Pinewood Sheppperton has entered an agreement with the Isle of Man Treasury to source projects and advise on film investment opportunities for a £25M ($40M) fund established by the Irish Sea island. The initial deal term is five years. Along with taking a management fee, the studio facilities operator will recoup a portion of revenues generated by the sale of UK distribution rights to films in which the fund invests. In turn, the Treasury will buy just under 5M shares in Pinewood for £12.2M ($19.7M). The Treasury expects to offer equity finance, UK distribution and gap financing with no fixed caps.
The new deal gives Pinewood a larger footprint in film financing. In 2011, the company said it would invest up to a 20% stake in about four indie films per year. Its most recent project is Belle with Gugu Mbatha Raw, Matthew Goode, Tom Felton, Tom Wilkinson and Miranda Richardson which started shooting on Sept 24. Read More »
The publicly-quoted studio facility faces a renewed attack by shareholder Crystal Amber on Wednesday, when it announces its half-year results. Pinewood is expected to announce operating profits have fallen from last year’s £3.3 million ($5 million). Crystal Amber thinks that all the value of the company is locked up in its property portfolio. But Michael Grade, chairman of Pinewood Shepperton, insists Pinewood is a media company, not a property developer. Crystal Amber counters that the studio group hasn’t been paying its property assets enough attention. Stockbroker Investec has calculated that 82% of Pinewood’s value lies in its property assets, not studio operations. The group could make a lot of money selling off some of its portfolio.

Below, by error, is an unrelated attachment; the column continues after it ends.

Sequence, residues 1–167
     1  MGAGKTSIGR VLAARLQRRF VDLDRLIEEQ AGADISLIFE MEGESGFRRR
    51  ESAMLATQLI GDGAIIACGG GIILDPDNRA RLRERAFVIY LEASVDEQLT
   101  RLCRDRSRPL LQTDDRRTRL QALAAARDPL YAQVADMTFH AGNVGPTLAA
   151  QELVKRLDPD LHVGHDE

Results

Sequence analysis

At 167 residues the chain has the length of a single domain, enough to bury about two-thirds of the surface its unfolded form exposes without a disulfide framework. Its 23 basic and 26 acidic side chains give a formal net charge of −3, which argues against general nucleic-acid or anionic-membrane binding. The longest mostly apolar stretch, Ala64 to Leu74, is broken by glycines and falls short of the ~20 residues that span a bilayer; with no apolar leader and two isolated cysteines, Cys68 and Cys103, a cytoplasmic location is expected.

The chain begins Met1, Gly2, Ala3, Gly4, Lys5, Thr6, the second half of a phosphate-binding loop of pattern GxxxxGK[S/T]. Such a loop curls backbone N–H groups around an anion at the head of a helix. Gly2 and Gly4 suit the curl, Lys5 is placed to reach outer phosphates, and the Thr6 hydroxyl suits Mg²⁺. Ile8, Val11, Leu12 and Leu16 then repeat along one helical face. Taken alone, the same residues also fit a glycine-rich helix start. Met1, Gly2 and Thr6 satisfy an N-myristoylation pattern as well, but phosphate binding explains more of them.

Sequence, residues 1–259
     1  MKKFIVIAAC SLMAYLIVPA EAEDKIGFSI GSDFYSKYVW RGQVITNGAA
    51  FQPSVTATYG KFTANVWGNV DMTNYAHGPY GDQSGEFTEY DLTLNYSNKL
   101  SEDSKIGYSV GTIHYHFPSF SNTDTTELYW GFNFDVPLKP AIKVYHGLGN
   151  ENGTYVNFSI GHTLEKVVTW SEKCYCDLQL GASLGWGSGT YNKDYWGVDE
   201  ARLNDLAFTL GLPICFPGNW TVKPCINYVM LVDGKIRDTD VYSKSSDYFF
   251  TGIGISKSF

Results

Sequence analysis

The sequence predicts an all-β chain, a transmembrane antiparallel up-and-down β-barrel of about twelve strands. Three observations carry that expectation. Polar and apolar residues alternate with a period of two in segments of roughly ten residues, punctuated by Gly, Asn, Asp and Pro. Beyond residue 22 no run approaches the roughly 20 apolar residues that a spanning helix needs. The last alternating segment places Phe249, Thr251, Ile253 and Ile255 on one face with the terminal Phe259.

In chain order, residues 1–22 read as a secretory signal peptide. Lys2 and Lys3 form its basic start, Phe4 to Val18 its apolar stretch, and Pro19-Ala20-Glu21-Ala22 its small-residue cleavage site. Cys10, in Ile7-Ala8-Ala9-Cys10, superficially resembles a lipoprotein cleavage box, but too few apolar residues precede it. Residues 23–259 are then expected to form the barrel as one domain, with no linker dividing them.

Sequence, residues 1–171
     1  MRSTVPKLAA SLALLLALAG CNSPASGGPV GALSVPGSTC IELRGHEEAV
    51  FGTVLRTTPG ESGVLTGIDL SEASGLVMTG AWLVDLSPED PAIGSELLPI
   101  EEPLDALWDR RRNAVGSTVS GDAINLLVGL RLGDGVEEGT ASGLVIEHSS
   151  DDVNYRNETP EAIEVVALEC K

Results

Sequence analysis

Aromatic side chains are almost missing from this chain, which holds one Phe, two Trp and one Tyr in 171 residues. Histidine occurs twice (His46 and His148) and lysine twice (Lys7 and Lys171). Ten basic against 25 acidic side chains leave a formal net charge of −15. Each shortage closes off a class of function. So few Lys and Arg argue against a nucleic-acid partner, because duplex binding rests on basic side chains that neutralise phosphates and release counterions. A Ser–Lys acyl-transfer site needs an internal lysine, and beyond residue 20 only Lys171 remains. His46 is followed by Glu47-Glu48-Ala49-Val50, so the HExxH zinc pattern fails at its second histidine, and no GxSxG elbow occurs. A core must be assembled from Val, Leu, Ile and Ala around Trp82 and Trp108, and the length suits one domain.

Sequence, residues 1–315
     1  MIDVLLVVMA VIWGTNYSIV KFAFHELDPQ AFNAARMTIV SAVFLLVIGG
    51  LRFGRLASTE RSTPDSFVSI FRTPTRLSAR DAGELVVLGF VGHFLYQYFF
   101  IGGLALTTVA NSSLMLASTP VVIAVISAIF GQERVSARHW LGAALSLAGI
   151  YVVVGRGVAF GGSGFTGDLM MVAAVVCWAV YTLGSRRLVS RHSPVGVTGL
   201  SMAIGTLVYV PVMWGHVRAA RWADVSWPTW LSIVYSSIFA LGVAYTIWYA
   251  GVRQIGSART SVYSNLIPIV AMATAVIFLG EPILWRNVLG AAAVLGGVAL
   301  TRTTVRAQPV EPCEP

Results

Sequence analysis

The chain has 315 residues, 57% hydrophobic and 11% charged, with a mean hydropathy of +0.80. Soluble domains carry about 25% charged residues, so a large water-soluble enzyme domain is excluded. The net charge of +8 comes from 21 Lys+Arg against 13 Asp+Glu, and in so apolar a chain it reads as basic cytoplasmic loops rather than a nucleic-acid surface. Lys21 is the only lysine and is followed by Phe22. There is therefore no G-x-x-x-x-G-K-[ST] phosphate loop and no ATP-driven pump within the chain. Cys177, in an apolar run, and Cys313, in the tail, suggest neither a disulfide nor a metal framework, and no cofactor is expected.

Grade and his team are thinking about taking Pinewood Shepperton private again, says the Sunday Times. Crystal Amber has been quietly building up its shareholding to nearly 27% — just edging past second-biggest shareholder Peel Holdings. One idea might be to spin off Pinewood’s property management to a Peel executive, freeing up Grade and CEO Ivan Dunleavy to concentrate on running the studio. Hollywood movies shooting in Britain this summer include Disney’s Pirates Of the Caribbean: On Stranger Tides, X-Men: First Class – both at Pinewood – and Captain America, filming at Shepperton.
Pinewood shares floated at 180p back in 2004, but today are worth only 168p.
The former ITV chairman has survived a shareholder rebellion at this morning’s annual general meeting of the company that owns Pinewood and Shepperton film studios.
Crystal Amber, an activist investment fund with 18% of the shares in Pinewood Shepperton has attacked Grade’s “poor stewardship” as chairman of the company. The fund says the board needs fresh leadership.
Grade led the management buyout from Rank in 2000. Profits and return on capital have fallen by more than half since the business was floated in May 2004.
The fund first invested in Pinewood Shepperton 18 months ago because it felt the studio was undervalued. It then put forward its own proposals as to how market perception of the value of the business might be improved. Richard Bernstein, Crystal’s investment adviser, said that although initially well-received, nothing has happened and subsequent meetings with Grade have been “unproductive”.
Pinewood Shepperton says that most shareholders are behind it, which “gives us confidence that they support the board, its stewardship and strategy”.
The group has invited Steven Underwood of investor the Peel Group, which holds 26.6% of the company, to join the board.